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p = Proc.new { |x, y, z| puts 100 * x + 10 * y + z }
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Call a proc by using the variable’s call method
p.call 14, 9, 2
1492
max = Proc.new do |a, b|
if a > b then a else b end
end
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puts max.call(0.8, 0.12)
0.8
Procs are closures, too
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def scoper p
x=3
p.call
end
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x = 77
p = Proc.new { puts x }
x = 19
scoper p
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19
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Procs as parameters
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A block passed as a parameter to a function becomes a
Proc
The formal parameter must be last, and is prefixed with
an ampersand
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def foo &b
b.call
end
foo { puts "Hi!" }
Hi!
Reflection
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The class method returns the class of an object
The superclass method returns the superclass of an object
The name method returns the name of a class
The new method creates a new object of a class
The methods method returns the methods than an object knows
how to respond to
The instance_variables method returns the attributes of an
object
There are many other methods to examine (and modify!) a Ruby
program while it is executing
Undefined methods
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If an undefined method is called, Ruby raises a
NoMethodError
If you supply a method_missing method for your
object, Ruby will call this instead
Example:
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def method_missing(name, *args)
puts "Call of missing method" +
" #{name}(#{args.join ', ' })"
end
fribble 2, :ace
Call of missing method fribble(2, ace)
Adding methods to a class
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To add (or replace) a method to a class, just open up the class
definition again and define the method
You can even do this with Ruby’s built-in classes
class Array
def every_other
i=0
while i < self.length
yield self[i]
i += 2
end
end
end
[1, 2, 3, 5, 8, 13].every_other {|v| print v, "; "}
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1; 3; 8;
Modules
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Classes in Ruby, as in Java, may extend only one other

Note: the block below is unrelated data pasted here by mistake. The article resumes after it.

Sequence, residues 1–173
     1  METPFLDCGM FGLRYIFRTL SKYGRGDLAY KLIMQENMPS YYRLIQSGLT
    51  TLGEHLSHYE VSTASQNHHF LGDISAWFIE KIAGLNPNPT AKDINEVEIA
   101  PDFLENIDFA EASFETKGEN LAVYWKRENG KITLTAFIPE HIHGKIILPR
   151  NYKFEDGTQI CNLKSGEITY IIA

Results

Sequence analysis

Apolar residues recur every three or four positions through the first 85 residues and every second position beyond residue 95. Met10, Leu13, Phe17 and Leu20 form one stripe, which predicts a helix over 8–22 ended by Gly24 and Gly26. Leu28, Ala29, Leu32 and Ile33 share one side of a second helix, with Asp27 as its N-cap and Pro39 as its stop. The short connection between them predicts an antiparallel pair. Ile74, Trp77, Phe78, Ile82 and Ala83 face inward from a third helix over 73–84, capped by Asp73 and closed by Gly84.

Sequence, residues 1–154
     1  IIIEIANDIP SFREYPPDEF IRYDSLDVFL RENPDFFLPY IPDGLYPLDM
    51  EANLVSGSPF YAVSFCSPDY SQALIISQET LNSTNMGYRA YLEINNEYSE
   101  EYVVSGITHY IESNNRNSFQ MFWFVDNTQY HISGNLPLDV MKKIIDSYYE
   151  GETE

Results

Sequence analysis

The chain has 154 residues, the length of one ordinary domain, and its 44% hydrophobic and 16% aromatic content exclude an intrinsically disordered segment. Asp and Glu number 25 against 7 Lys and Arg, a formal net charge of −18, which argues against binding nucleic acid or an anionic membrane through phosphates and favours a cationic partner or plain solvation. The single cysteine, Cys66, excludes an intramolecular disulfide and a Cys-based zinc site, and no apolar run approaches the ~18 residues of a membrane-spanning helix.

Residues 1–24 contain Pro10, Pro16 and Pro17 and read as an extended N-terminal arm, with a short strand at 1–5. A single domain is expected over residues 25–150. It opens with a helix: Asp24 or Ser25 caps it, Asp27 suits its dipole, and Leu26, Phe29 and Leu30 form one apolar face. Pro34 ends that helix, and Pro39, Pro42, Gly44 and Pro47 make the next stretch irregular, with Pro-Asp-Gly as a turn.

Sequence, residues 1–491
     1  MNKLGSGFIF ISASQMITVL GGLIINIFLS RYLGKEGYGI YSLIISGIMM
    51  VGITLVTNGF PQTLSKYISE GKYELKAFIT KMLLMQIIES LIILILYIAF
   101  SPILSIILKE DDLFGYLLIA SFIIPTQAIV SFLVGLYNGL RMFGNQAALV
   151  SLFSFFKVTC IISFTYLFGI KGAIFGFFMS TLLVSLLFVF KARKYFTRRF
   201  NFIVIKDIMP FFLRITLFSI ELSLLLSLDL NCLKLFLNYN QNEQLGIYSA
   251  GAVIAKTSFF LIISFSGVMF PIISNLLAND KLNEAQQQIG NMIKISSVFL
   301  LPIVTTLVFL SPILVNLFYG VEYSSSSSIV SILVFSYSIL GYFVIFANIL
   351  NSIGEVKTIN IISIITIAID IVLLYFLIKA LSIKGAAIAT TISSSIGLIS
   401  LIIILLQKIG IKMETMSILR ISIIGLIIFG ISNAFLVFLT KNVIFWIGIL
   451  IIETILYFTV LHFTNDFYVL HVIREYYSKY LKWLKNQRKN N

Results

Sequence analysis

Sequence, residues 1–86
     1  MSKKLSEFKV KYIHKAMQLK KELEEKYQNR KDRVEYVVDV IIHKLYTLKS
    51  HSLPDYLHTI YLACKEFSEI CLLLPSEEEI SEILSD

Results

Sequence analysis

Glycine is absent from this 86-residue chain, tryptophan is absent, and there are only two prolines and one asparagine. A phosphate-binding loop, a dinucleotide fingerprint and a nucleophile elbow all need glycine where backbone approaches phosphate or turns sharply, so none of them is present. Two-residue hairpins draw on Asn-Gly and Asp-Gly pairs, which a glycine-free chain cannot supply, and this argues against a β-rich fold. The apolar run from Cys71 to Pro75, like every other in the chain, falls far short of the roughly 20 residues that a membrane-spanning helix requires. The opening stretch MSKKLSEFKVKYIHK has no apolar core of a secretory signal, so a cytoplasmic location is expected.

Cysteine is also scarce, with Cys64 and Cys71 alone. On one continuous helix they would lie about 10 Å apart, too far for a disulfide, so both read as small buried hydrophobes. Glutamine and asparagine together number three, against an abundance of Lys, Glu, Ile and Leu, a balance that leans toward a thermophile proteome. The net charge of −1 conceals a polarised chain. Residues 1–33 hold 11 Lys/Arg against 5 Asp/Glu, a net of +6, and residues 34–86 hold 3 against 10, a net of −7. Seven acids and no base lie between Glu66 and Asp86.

class
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Example: class Enterprise < Starship
Everything in the superclass is available in the subclass
A module is defined just like a class (using the word
module instead of class)
Modules cannot be instantiated, but they may be
included in a class
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Including a module is like copying the code into the class
Example:
class Enterprise < Starship
include Location
...
Metaprogramming
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Metaprogramming is using programs to write
programs
Example uses:
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You want to add “boilerplate” code to every method
You want to “wrap” functions so that they print to a log
when they are called and when they return
You want to examine a database and automatically create
methods to access that database
You can do metaprogramming in any language, but...
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In Ruby the program can make the changes to itself, as it
runs
Rails
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Ruby on Rails (or just Rails) is the “killer app” that
catapulted Ruby to prominence
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Web applications are extremely complex server-side
programs that communicate with the user’s browser
using HTML, XML, and CSS, do session management,
and handle a server-side database
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Rails uses metaprogramming to write your web
application for you
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It’s hard to convey just how much work this saves
The downside? You still have to understand the programs
that it writes
The End